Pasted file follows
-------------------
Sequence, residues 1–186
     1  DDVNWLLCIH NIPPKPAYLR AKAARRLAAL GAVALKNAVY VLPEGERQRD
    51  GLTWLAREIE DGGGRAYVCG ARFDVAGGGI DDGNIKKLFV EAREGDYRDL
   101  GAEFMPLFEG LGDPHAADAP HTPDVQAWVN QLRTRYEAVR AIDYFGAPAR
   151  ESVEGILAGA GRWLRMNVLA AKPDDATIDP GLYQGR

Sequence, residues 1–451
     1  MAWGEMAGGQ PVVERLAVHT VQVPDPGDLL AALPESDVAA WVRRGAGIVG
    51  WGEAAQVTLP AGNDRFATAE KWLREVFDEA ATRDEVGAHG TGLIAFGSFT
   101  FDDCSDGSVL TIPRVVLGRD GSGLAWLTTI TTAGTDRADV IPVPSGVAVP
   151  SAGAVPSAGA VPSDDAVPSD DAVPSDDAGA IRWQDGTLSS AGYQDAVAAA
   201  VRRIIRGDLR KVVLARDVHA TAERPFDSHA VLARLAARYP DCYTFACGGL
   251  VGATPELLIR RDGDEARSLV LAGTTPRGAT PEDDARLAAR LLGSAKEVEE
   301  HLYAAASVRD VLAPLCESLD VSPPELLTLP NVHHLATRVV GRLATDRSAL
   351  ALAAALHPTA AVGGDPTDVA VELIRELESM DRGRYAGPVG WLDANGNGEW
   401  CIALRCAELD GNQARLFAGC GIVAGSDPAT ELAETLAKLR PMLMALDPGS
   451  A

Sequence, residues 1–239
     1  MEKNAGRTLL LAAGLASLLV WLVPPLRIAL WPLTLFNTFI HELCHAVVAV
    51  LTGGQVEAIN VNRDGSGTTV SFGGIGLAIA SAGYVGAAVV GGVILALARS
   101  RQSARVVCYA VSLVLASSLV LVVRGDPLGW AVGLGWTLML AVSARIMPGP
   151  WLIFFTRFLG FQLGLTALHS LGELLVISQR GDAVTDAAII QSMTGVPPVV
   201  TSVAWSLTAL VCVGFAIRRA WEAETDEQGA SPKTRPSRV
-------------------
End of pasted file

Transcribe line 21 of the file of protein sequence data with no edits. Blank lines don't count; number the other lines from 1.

   151  WLIFFTRFLG FQLGLTALHS LGELLVISQR GDAVTDAAII QSMTGVPPVV